This heavily wooded mature beech landscape in Dorset has a stark beauty, says Jeremy Walker

Jeremy Walker Frosted trees near Lewesdon Hill

Frosted trees close to the summit of Lewesdon Hill.

At 279m above sea level, Lewesdon Hill is the highest point in Dorset, and is owned by the National Trust. Like many of the hills in the area of the Marshwood Vale, Lewesdon Hill is the site of an Iron Age hill fort. The summit of the hill is covered with mature beech woodland and in the spring a carpet of bluebells adds to any photographic opportunities. Views from the summit can be limited, but it’s the presence of the trees that makes this a great place to shoot. It is very much an area where you will want to photograph the hill and its enclosed, almost secretive, environment rather than the grand view of the Marshwood Vale.

Time to visit

Lewesdon Hill is a great year-round location, offering bluebells in the spring and golden colours in the autumn, but for me this ancient hill is best captured in winter. There is a stark, mystical beauty with gnarled and shapely trees etched in frost, a blanket of snow smothering the summit, and strange and dark shapes merging from thick fog and swirling mists.

A word of warning, though. If you visit on your own in the mist and fog, you will keep looking over your shoulder – it’s just that sort of place!

In winter, it is an all-day location. With the sun low in the sky, there is plenty of opportunity to shoot among the rows of mature trees.


Shooting advice

What to shoot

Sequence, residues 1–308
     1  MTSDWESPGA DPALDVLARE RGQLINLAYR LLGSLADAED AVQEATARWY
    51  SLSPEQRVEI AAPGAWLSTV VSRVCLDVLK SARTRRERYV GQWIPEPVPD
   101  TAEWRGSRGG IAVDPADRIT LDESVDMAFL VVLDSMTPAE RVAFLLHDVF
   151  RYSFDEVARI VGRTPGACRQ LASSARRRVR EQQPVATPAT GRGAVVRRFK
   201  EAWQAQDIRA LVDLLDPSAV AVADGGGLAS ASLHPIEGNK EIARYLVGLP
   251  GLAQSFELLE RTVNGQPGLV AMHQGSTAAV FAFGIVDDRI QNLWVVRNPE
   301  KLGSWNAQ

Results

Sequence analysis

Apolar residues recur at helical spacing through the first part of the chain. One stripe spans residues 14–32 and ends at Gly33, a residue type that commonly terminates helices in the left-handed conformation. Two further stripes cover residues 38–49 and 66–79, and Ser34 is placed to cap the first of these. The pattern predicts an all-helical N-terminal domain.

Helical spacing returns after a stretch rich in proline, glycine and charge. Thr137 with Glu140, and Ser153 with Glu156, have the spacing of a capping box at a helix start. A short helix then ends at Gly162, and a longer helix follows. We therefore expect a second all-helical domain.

Lewesdon Hill is covered in mature woodland, some of it grown at random and some of it planted in a more orderly fashion. Given the right lighting conditions, the vantage points and views are endless. Wideangle images and long lens shots are all obtainable and you will want to give yourself plenty of time to have a good exploration of the hill. The woodland lends itself to those who are keen on close-up and macro photography, too.

How to get there

Lewesdon Hill is about two and a half miles from the town of Beaminster and can be reached on foot from there if you are energetic and fit enough. If you prefer, you can park just off the B3162 about a mile south of Broadwindsor village. There is limited parking for a few cars at an area marked on the Ordnance Survey map as Buck’s Head, but be careful not to block the farm entrance. From here, the footpath takes you west along the farm track for about 150m, after which you turn to the right and head uphill along Crabb Hill before reaching Lewesdon Hill. The footpath eventually splits, but whichever direction you choose, you are certain to get some interesting views and subject matter. If in doubt, just head upwards!

Jeremy Walker Lewesdeon Hill photos stitched in Photoshop

All images (above and below) were created from three photographs stitched in Photoshop.

Jeremy Walker Lewesdon Hill monochrome image

A monochromatic image of trees in heavy fog on the north side of Lewesdon Hill.

Jeremy Walker Lewesdon Hill backlit trees

Backlit trees at the top of Lewesdon Hill in late afternoon sunlight.

Food and lodging

The best bet is to head to Beaminster where there are a couple of cafés, a pub and a hotel. Possibly the best accommodation in the town is the Bridge House Hotel, a 14th- century inn with bags of character. If you are looking for a light bite, try the Art Deco Café.


Kit list

Lenses

A 24-70mm or 70-200mm full-frame zoom (or equivalent) will suffice for most shots, although a macro lens is useful for frosted leaves and snowy details. The longer focal lengths are ideal for isolating parts of the woods or lone trees appearing out of the fog and mist.

Tripod

A tripod is a must, but a lightweight version is preferable as the paths up the hill are relatively steep. Don’t let this put you off, though – your efforts will be well rewarded at the top.

Waterproof blanket

A bin liner could be useful if you plan any close-up photography – you can use it to protect yourself from the damp ground. If you have the space, a waterproof picnic blanket is perfect for low-level images, and far more civilised.

Jeremy Walker is an award-winning professional photographer specialising in high-quality landscape and location photography. His work is frequently used by advertising, design and corporate clients. Visit www.jeremywalker.co.uk.